4. Carol says:

    I published a book a few years back titled "All Kinds of Heroes" about the power grid going down all over North America. It was, of course, a work of fiction…but it emphasized what might take place in such an eventuality. The book is still available on Amazon for anyone interested in reading it.

  5. MArk Preston says:

    Incredibly cheap, Amazon Glacier does not charge until you retrieve your data.

  6. sixxfingers says:

    Microsoft? Throw that junk PC away and buy a Mac! Yes, they're more expensive but FAR SUPERIOR to the windows format. And you can back them up the same as a PC. Maybe the best thing about owning a Mac is being able to give bill gates the digital finger every time I use it. Very satisfying indeed. (Not because of his massive wealth, but because as libertarian I do my best to deny liberals my support in any way.)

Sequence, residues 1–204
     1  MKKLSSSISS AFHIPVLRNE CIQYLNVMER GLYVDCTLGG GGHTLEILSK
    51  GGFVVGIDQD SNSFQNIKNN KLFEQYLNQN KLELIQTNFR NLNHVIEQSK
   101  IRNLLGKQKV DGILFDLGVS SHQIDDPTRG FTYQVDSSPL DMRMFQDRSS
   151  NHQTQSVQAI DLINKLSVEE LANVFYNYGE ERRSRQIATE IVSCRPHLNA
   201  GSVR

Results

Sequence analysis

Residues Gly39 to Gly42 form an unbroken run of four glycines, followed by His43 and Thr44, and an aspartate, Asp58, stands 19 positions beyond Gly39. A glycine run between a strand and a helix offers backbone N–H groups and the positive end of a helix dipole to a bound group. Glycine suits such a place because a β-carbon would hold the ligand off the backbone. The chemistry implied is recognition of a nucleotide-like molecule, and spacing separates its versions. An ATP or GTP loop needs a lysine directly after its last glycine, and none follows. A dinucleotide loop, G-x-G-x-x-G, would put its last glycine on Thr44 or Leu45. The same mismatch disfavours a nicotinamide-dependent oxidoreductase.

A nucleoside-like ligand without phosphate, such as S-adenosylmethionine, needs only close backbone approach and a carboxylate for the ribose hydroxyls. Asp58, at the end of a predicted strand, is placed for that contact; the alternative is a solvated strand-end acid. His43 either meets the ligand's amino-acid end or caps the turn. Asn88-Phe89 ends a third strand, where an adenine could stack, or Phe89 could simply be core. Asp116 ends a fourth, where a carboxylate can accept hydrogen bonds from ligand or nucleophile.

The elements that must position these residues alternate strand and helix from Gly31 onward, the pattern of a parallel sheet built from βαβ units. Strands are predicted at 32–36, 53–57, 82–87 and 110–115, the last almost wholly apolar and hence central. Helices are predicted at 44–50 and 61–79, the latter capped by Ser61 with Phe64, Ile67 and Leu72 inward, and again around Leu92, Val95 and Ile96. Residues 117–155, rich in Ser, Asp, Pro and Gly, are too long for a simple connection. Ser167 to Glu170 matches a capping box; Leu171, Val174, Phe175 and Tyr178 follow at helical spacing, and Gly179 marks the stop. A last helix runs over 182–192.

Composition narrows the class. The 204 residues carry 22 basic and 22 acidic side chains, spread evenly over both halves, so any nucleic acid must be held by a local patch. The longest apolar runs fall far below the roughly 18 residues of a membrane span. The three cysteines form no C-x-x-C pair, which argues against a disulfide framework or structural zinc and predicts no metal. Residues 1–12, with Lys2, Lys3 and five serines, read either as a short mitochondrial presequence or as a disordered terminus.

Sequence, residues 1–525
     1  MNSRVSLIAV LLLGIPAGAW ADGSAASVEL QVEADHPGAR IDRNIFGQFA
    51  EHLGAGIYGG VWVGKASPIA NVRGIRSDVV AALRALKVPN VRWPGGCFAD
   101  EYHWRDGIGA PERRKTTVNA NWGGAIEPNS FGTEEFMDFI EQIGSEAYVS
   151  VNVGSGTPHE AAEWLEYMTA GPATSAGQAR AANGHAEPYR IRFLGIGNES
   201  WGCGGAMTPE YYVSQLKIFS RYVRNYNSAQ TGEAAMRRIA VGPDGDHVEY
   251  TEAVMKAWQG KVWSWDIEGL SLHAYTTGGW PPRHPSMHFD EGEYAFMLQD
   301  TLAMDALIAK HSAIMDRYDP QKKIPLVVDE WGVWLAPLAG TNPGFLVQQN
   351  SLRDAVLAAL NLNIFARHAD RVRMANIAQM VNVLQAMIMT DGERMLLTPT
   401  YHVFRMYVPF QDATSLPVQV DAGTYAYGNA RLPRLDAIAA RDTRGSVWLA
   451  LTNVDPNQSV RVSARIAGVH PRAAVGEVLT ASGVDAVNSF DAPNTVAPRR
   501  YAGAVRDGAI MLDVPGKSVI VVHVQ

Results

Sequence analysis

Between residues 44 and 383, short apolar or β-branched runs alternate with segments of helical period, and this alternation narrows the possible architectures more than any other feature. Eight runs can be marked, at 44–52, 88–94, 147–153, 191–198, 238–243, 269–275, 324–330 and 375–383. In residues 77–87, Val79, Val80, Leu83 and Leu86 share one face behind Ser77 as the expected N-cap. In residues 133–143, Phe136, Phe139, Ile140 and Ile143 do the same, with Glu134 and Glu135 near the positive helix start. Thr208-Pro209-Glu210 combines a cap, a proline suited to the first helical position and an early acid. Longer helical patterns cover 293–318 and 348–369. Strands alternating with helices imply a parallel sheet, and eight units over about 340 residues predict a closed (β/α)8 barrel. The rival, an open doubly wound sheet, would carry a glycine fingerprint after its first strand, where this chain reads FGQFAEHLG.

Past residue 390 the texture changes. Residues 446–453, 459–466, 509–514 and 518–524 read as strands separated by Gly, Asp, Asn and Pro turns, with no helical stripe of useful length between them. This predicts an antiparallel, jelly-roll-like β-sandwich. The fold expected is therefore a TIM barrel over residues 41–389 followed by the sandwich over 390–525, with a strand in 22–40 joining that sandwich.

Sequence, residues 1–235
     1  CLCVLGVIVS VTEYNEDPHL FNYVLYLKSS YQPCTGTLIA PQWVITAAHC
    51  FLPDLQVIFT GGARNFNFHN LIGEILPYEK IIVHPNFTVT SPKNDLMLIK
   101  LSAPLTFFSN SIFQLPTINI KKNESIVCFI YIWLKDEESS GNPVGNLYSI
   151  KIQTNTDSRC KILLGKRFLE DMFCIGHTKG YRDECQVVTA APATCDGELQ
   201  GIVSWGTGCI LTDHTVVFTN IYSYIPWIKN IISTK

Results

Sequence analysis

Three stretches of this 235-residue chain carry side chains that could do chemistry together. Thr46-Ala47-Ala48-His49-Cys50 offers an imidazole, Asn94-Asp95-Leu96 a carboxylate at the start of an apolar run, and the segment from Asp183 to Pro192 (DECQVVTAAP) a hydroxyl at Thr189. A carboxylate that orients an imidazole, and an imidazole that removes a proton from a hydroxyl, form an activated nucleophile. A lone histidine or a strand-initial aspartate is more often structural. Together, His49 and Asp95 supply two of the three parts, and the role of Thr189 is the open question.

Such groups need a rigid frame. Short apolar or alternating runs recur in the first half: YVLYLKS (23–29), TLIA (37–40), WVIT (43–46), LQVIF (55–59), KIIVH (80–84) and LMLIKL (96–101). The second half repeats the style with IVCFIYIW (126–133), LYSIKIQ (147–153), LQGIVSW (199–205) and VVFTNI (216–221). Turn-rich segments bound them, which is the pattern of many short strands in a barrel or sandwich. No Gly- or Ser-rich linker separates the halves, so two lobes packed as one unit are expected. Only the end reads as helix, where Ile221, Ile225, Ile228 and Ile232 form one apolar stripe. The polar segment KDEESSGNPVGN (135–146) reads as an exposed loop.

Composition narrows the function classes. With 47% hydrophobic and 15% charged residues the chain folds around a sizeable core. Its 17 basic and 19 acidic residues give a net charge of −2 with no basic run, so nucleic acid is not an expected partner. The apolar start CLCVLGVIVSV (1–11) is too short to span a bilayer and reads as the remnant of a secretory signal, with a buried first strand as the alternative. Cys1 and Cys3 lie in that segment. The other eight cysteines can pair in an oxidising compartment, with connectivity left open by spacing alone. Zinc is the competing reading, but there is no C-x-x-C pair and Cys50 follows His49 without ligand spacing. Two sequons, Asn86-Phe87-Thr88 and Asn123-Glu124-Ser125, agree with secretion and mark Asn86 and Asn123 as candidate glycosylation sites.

• Grissette says:

      Hate to pop your balloon, but Bill Gates is a major stockholder in Apple, and has been for well over a decaade. He makes oodles of money everytime you do anything Mac/Apple/Pixar.

      Speaking of Pixar, this whole article reads like it was written by the character 'FEAR' from the movie 'Inside Out' – terrorists and hackers from China and Russia … Really!? Geez, how much fun it must be to live inside your head, worrying and planning on making backups of the backups for the backups of those backup backups that you've backed up.

  7. Reality Seeker says:

    "digital Armageddon"

    The actuarial scientist in me loves it when you talk "Armageddon".